Both sides involved in the ongoing political conflict have been unable to declare victory after the February 2 election and will fight on until one is victorious, says new Democrat Party secretary-general Chuti Krairiksh.
The Pheu Thai Party, which is heading the caretaker government, may get the most MP seats but the election was marred by a low voter turnout and a low number of valid ballots.
The backlash followed the anti-government People’s Democratic Reform Committee’s campaign for political reform to take place before an election was held.
At the same time, the Suthep Thaugsuban-led PDRC cannot claim that most people supported its stance when 20.5 million people voted.
But Chuti said: “They came out to vote to protect their political rights, not protect the system.”
The veteran politician said that one-third of voters he had talked to wanted the country to maintain the right to impeach politicians.
He also said voters had rejected the election, with 15 million refusing to vote, 3.4 million lodging “No vote” ballots and 2.4 million lodging invalid ballots.
“That means the caretaker government can’t use the outcome to whitewash its wrongdoings, and there is strong support to show that the Democrats made the right decision to boycott the election,” he said.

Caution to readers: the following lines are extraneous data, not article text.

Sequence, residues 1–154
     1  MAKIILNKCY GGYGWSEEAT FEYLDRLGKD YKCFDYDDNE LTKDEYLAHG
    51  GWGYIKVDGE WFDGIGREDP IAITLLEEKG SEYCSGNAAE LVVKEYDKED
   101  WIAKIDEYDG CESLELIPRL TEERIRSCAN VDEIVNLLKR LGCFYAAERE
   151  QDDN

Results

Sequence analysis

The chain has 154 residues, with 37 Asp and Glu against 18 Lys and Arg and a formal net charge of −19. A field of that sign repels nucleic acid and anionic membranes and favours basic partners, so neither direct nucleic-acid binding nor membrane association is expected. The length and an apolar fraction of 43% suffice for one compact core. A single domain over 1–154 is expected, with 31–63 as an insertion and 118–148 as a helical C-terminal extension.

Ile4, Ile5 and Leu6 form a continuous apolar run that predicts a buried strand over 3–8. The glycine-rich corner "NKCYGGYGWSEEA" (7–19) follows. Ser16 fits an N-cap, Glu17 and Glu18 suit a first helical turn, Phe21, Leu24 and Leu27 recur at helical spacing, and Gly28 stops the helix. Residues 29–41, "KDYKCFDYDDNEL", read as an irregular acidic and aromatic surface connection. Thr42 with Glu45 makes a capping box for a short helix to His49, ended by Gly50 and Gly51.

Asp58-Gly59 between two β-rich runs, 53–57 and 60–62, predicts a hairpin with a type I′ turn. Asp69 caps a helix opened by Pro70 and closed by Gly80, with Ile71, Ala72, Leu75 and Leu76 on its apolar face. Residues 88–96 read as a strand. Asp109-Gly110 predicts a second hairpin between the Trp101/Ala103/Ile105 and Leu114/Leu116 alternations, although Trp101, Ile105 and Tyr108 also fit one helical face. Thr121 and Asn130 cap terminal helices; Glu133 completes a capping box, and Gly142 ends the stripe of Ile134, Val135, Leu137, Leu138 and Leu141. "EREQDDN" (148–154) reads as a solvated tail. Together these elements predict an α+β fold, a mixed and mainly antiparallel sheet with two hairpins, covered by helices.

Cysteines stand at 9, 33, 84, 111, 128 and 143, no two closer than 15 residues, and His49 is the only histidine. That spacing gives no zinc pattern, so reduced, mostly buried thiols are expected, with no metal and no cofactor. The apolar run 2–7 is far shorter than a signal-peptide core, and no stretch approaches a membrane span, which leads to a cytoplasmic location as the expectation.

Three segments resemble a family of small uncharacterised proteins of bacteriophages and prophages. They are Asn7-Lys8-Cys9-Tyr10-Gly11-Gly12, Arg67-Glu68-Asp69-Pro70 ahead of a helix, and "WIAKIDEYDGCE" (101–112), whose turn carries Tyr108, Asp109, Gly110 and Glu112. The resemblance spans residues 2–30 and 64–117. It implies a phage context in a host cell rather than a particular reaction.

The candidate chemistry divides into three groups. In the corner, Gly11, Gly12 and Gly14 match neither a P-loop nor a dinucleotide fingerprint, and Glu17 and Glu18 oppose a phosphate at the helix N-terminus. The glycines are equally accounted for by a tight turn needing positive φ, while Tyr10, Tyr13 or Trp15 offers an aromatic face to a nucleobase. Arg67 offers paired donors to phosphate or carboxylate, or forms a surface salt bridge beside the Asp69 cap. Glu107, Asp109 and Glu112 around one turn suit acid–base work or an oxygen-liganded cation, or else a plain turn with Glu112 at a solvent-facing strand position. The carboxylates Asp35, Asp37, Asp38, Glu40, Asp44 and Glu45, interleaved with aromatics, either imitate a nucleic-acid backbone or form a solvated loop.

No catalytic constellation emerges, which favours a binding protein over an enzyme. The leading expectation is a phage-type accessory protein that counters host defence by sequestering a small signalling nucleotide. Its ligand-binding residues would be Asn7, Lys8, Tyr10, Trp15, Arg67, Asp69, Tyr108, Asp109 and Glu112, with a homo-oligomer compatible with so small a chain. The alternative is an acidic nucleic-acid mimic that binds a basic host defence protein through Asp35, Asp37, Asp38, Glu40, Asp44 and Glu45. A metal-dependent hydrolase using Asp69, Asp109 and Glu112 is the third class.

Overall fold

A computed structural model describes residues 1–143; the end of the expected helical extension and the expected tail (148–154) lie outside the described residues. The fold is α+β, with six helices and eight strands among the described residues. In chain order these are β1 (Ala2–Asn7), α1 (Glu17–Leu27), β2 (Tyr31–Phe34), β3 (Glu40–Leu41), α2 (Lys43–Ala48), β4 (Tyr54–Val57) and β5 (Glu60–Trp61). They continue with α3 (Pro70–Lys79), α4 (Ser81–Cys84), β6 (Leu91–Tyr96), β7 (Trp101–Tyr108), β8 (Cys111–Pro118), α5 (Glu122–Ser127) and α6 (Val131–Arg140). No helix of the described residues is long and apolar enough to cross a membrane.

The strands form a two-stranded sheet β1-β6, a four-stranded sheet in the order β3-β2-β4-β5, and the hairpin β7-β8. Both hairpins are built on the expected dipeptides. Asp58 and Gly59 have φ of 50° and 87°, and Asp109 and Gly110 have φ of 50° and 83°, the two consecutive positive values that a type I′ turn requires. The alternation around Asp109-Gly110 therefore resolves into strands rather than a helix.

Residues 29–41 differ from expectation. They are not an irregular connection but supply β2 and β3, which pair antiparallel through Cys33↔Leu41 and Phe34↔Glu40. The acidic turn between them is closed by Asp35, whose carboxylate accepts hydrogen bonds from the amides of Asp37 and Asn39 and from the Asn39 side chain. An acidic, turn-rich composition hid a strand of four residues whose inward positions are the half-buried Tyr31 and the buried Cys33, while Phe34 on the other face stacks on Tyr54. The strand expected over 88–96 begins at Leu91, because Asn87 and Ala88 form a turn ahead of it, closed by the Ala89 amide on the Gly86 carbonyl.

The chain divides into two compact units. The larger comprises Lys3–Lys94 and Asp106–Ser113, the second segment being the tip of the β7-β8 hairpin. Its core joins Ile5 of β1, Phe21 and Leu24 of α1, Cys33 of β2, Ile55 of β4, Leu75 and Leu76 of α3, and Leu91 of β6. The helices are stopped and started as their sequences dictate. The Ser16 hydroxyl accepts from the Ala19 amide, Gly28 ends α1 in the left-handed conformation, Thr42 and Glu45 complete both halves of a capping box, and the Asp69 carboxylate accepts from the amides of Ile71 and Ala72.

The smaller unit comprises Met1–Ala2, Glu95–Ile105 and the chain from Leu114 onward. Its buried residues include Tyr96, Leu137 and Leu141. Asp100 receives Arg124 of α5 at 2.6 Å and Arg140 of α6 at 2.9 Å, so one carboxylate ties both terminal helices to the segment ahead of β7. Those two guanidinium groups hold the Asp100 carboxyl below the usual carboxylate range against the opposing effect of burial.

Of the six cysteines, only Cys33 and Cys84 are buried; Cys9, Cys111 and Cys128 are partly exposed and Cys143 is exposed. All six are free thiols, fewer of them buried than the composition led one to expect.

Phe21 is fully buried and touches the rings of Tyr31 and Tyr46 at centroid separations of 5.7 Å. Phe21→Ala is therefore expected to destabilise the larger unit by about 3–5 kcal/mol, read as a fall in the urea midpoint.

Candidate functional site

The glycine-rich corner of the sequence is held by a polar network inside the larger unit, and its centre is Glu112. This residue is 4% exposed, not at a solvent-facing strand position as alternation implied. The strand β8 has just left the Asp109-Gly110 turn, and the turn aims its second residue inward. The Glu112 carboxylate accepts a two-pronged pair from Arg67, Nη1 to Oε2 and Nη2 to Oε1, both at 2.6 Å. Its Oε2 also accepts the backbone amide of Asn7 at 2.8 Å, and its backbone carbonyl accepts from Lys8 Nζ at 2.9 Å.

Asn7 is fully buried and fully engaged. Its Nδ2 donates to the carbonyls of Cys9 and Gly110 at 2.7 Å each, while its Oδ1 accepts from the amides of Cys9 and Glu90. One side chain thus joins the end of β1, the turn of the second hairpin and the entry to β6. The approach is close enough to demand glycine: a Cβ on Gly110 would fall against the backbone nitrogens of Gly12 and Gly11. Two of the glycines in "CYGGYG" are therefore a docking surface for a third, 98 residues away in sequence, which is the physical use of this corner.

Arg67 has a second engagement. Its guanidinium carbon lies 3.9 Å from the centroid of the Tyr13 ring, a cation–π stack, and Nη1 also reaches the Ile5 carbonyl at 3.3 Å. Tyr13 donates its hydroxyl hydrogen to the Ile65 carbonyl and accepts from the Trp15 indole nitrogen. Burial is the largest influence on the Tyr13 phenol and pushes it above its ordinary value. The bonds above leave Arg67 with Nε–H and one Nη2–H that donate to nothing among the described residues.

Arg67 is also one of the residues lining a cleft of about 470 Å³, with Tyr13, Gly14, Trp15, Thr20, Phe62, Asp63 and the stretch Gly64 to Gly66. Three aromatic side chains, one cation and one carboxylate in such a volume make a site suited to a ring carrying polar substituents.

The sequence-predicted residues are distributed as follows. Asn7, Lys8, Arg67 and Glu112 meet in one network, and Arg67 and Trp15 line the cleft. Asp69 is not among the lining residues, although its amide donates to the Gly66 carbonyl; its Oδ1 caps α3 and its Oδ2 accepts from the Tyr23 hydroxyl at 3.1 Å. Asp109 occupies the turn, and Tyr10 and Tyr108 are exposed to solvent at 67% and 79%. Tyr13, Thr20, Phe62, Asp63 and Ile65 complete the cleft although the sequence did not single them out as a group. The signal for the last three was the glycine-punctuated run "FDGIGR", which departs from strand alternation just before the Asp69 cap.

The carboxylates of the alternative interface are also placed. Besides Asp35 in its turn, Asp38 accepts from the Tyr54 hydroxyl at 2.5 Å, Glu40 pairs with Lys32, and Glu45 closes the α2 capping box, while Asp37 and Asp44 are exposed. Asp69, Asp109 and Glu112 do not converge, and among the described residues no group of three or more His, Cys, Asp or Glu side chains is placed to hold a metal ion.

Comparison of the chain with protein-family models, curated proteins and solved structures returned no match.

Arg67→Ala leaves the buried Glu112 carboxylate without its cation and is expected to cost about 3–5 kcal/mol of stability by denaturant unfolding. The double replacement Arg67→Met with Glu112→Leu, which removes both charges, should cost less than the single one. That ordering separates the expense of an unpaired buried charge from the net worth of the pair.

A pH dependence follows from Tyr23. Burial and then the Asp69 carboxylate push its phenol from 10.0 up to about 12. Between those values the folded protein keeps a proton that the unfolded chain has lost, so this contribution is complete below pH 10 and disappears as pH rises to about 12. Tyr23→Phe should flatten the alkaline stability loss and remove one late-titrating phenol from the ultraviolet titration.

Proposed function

“If we took part, we might have been given a similar lesson by voters as the Pheu Thai Party.”
Chuti said he was not embarrassed to be a member of a party that had boycotted the poll, as he believes that was the right thing to do given the election’s unfairness.
Some analysts believe that the Democrats are hoping the independent agencies will pave the way for its return to power.
Chuti refuted that, saying he believed the Democrats might not contest an election until there is genuine reform – even if independent agencies decide to hold a new election.
He also ruled out the Democrats joining a national government as proposed by some academics.
“We have no need for power. So we would not deal with the caretaker government to share the power at the negotiating table … We will return to power after the reform,” he said.
Chuti said the Democrats were participants of the PDRC protests, but not the leaders.
He said the party had set an agenda based on reform, which was similar to the PDRC’s goal, but the latter was trying to spark change in a different way.
“We would be prepared to clash with the PDRC if it tried to establish an unelected People’s Council, he said.
“We are a party that cannot fight illegally. We want to do it [bring about reform] based on our beliefs and we believe that Suthep probably understands us.”
Chuti admitted that it would be hard for the Democrats to get PDRC supporters to vote for it, and the party had much work to do before that happened.